Construction plans for the state’s oldest building are moving along, and it’s the first step in a bigger plan to preserve a piece of history on Kodiak Island.
Members of Kodiak’s Historic Preservation Commission unanimously approved a service agreement for a new roof design for the Russian-American Magazin at a meeting on Tuesday, Feb. 28. It now goes to Kodiak’s City Council for review and a vote.
The city-owned-building is more than 200-years-old and now houses the Kodiak History Museum, right outside Kodiak’s downtown core.
“It’s a $20,000 collective cost; $10,000 would be needed from the city, $10,000 is being contributed by the State Historic Preservation Office, and this is the last remaining piece in order to get those designs moving forward,” said Sarah Harrington, the executive director of the Kodiak History Museum, at Tuesday’s meeting.
Harrington recommended that Colorado-based Andersen Hallas Architects complete the design for the project; the firm also provided a survey on the building’s overall maintenance needs last March. The National Park Service is footing the bill for a site visit from an architect with Andersen Hallas this month, and will provide additional funding for the overall project.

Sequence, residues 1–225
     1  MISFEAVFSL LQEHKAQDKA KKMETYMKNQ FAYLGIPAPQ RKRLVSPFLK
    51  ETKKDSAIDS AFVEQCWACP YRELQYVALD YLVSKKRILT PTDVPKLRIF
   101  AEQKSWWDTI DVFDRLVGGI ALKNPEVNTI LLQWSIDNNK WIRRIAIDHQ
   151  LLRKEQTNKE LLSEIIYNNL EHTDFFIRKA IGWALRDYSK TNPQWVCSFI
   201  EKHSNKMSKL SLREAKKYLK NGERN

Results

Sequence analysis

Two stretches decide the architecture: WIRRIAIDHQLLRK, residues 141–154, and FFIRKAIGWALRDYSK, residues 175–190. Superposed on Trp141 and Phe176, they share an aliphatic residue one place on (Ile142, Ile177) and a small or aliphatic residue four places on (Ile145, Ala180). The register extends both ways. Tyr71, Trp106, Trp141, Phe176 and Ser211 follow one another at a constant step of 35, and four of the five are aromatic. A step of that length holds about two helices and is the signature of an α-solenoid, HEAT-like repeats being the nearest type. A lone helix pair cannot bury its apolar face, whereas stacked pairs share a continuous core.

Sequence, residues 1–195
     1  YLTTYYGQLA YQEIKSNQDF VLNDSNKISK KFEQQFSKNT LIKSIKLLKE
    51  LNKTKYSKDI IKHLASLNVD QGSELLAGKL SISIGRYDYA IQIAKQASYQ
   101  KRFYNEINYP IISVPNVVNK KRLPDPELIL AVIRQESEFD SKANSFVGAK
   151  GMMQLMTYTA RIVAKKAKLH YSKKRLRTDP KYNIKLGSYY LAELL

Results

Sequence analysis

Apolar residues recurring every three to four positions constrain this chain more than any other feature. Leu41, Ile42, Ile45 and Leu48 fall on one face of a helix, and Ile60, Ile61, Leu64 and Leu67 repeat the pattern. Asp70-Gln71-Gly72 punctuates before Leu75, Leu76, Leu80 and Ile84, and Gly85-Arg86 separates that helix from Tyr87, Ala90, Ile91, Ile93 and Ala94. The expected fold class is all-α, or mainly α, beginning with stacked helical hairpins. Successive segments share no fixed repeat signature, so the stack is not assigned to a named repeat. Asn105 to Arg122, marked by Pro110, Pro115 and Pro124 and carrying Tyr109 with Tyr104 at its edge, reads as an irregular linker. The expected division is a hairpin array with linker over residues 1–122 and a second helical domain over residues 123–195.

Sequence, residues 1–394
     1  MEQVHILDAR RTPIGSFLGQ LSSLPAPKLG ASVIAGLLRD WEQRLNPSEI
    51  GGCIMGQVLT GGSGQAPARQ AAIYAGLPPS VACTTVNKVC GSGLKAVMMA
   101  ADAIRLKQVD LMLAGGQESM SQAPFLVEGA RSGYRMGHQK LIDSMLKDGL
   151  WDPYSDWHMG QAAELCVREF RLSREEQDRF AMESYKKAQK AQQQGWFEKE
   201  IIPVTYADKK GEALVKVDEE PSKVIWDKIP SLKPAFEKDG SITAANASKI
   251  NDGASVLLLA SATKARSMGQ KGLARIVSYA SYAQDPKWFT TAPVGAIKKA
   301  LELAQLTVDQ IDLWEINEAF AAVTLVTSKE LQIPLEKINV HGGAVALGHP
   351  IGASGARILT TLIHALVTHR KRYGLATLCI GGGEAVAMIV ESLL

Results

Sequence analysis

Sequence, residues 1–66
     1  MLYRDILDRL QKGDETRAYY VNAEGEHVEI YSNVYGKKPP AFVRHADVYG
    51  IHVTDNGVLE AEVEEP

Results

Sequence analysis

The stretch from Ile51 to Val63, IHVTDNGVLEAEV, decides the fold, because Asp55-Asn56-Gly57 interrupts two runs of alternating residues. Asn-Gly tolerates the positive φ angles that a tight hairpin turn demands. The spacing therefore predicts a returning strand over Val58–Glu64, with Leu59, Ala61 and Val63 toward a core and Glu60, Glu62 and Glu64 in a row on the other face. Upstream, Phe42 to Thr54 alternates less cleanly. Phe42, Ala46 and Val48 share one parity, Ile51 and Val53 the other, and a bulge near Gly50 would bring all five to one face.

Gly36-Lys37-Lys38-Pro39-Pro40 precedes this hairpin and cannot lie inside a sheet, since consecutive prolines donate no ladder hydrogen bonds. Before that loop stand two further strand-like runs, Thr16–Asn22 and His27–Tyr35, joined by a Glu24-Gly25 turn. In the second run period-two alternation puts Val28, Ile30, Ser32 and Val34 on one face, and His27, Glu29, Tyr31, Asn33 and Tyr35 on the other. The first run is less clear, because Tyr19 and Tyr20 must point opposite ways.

The survey also found leaks and areas of rot in the building’s roof. The service agreement approved by the commission encompasses only the initial plans and drawings for the roof’s replacement. Harrington says the design will be more comprehensive than just replacing the existing cedar shingles, which was also the material used when the building was first constructed.
“They’re going to make some stability and safety improvements to the roof design itself, including, which is the priority from our view as tenants in the building, returning a slight pitch to the porch area,” Harrington said.
The porch has a flat roof, and the space is unusable because of leaks.
There currently is no estimate for how much the overall roof replacement project will cost; Harrington said they anticipate design plans for the roof would be complete by September.
The roof is one of many structural issues with the building. The survey completed last year also found other areas of rot, leaking windows, and old pipes, among other problems.
The Magazin was built in the early 1800s and is a National Historic Landmark. It was one of the few buildings in Kodiak still standing after the 1912 Novarupta volcanic eruption, and the earthquake and tsunami that hit Alaska in 1964.